Saturday night I accompanied Mikey J to view the Werner Herzog film My Best Fiend, about Herzog's relationship with Klaus Kinski. I should say, first off, that I have only seen a couple of Herzog films, and Nosferatu was the only thing that I'd ever seen Kinski in. (Although, for the record, Kinski's vampire is, by far, the greatest portrayal of a bloodsucker ever. He is so sad, so lonely, so awkward. Edward Cullen should have skipped all the LONG explanations to Bella about the sacrifices of eternal life and should have just rented Nosferatu. Then maybe the 2000 pages of the Twilight series could have been slimmed down to more like 500.)
But here's the thing--you don't have to know ANYTHING about Kinski, or about Herzog, to watch this film. You just have to love crazy people. And watching crazy people tell stories. And seeing crazy people freak out and yell "lick my ass" when they are not happy with the offerings of craft services. And it helps if you find any of the following entertaining: 1) German understatement 2) nihilistic descriptions of nature 3) possible animal abuse 4) extreme examples of egomania. It turns out, by the way, that I find all of these things amusing.
Herzog is a confounding fellow. I'm not sure that I believe ANY of the stories he tells in the course of the film. And yet, I'm not sure that I believe that HE doesn't believe those stories. He is a man who always seems completely un-ironic, while also appearing completely insincere. How can that be? I am tempted to chalk it up to German-ness, but I'm not sure that my sense of German-ness is not based (almost entirely) on a ridiculously exaggerated caricature. And by that, of course, I mean Mike Meyers's Dieter. So I'm not sure what to think about Herzog. Nor about Kinski.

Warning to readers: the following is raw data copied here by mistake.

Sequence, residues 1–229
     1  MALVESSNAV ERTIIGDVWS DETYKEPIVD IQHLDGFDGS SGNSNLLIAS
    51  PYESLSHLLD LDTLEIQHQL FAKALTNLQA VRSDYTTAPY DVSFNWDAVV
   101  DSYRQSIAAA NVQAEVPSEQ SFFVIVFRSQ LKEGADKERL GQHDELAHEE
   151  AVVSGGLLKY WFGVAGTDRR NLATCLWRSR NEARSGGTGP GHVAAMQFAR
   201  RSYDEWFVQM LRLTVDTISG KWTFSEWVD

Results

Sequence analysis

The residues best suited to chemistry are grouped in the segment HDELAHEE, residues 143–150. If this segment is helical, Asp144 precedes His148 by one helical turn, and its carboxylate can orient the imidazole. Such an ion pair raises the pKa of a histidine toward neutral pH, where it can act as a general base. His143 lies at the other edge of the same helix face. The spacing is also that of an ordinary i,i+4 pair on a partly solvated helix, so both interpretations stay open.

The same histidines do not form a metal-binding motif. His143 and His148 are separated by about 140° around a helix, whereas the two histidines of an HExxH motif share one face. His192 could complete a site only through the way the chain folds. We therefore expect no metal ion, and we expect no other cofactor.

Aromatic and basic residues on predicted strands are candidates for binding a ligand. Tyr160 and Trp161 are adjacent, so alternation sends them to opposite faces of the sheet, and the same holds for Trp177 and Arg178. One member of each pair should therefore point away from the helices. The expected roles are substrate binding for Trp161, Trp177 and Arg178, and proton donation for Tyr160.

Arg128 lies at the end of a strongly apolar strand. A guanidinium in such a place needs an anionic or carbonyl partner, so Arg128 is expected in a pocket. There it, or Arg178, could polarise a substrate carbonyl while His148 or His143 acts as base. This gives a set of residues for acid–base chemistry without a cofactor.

The greatest mystery of all is WHY IN THE WORLD Herzog made this film. Mikey suggested that he made it because he was tired of answering the question, "what was it like to work with Klaus Kinski?" Maybe. But I'm not convinced that I really understand what it was like to work with Kinski after seeing the film. Herzog does interview a couple of other people who knew and worked with Kinski, but since these interviews are conducted and edited by Herzog, they serve mostly to support Herzog's own interpretation of events, rather than to flesh out the man.
But this isn't really a criticism. And the confusion inherent in the film should not be a deterrent to seeing it. You all should see it. You'll like it. If nothing else, the film offers a surprising suggestion about how to quickly silence a raving maniac. The technique involves chocolate. Go figure.